Hey everyone! Hope you are doing well today. This week I want to talk about my backpacking camera kit. Now if you have followed me for a while, you know that I commute a lot for my real job, and the camera I take with me is a Canon G7XMII point and shoot. This is the same camera that I use for backpacking. It's a good camera that can shoot in manual mode and in RAW mode. It is a small and very versatile camera. I have actually used it and won some monthly photo contests with my camera club with this camera. Things that I look for in a backpacking camera are, first, size. How heavy is it? If I have to carry lenses, how heavy and bulky are those? Back when I used to shoot a full-frame camera, the total weight could be 7 lbs. That was with just one lens. That's about equal to lugging around a gallon of milk on your back. So that's one of the reasons I started using a mirrorless camera years ago because I cut my weight to 3.5 lbs with multiple lenses. And now I have cut it even lower, to about 1 lb. So I have cut the weight down to almost nothing. The only time I will consider taking my larger camera is if I am going to a big photo spot, like If I go to a waterfall or special place or if I'm going to do astrophotography. But my go-to camera is the G7XMII.
Versatility is the next component that you want to look at. You want a camera that can shoot in all kinds of conditions. You can shoot wide-angle, telephoto, manual mode, and RAW. It's almost impossible to get a camera that can do it all. Being able to be weatherproof is also something to look at. It is very hard to find one that is weather resistant. Other things that are nice are maybe wifi to transfer photos to your phone to share or edit. The G7XMII has a focal length of 24-100mm F1.8-2.8. This gives you lots of flexibility when hiking or backpacking, especially in the woods. You can get those wide-angle shots, and 100mm is plenty when you're out and about. The aperture is open enough to isolate a subject and get a blurry background. It also has a macro mode for close-up shots. Shooting in manual can be handy, especially when shooting long exposures, like when shooting waterfalls. Wifi and the apps on my phone that connect to my camera come in handy. I can remotely trigger the shutter, which comes in handy when taking long exposures, and I can transfer photos to my phone or iPad and edit the photos there. The only category that the camera falls short in is that it's not weatherproof. So I have to be careful when in the rain. I keep the bag in a weatherproof bag that I use as a fanny pack around my waist, and it protects it when it's wet outside. I also keep it in a neoprene wrap that protects it against shocks somewhat. This camera has a 1-inch 20 megapixel sensor that makes it much better than most point-and-shoots.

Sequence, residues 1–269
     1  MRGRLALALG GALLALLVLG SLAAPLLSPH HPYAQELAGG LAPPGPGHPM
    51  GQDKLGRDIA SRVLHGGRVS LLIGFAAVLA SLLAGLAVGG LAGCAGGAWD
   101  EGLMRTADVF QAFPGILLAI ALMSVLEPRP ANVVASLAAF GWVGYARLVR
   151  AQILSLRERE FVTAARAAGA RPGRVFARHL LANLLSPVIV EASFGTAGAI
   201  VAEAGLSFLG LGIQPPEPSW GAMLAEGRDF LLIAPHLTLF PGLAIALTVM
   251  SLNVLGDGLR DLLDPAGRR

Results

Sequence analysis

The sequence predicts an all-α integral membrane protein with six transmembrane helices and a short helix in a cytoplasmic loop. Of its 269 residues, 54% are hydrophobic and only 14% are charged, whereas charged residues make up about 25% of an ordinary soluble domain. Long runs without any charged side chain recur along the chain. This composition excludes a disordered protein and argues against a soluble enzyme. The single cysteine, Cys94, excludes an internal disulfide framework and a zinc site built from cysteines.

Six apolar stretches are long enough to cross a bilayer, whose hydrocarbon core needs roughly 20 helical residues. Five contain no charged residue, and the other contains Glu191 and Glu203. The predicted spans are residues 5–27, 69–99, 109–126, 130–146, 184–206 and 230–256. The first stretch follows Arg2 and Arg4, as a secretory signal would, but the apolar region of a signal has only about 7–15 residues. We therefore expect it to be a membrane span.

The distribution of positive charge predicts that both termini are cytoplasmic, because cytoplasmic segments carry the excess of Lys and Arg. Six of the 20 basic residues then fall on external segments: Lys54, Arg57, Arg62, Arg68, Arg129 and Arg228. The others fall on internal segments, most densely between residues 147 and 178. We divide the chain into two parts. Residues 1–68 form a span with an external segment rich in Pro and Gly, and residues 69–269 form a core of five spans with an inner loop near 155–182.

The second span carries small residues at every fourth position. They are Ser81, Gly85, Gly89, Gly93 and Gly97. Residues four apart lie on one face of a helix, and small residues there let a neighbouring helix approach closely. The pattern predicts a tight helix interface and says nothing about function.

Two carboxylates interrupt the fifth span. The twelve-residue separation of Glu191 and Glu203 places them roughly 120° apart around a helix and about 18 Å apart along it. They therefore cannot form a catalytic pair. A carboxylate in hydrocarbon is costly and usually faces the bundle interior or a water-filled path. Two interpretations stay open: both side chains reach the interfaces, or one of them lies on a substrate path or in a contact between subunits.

Accessories that I take with me for my camera kit are small but effective. I use a small tripod that I also use with a GoPro I sometimes bring with me. It's a tabletop tripod that is very small but can be used with this small camera. I have some filters that I use with this camera too. I have an adapter that can be attached to the lens of the camera and can use 52mm filter size filters. I have a circular polarizer that I can use and a 2-stop neutral density filter I can use for long exposures. And of course, I have cleaning cloths to keep everything as dust-free as possible. I use my phone and a Canon app to remotely trigger the shutter during long exposures.
So that's pretty much my camera kit for backpacking. I try to keep it simple and lightweight. You can check out my gear by following this link Lighter Pack. You can see my gear loadout and how much it weighs between tent and hammock and summer and winter by clicking on the list on the left. So until next week, stay safe and get outside and shoot!